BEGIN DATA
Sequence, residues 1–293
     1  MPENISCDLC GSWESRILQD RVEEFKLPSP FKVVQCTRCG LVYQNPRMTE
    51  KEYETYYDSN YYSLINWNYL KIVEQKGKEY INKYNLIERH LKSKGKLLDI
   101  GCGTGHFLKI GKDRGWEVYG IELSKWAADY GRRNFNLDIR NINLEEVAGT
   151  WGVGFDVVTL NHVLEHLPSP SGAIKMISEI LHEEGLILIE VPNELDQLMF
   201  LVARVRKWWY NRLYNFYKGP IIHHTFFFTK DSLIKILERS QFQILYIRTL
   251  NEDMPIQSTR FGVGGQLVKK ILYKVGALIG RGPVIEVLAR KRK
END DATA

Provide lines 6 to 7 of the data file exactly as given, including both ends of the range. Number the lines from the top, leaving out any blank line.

   201  LVARVRKWWY NRLYNFYKGP IIHHTFFFTK DSLIKILERS QFQILYIRTL
   251  NEDMPIQSTR FGVGGQLVKK ILYKVGALIG RGPVIEVLAR KRK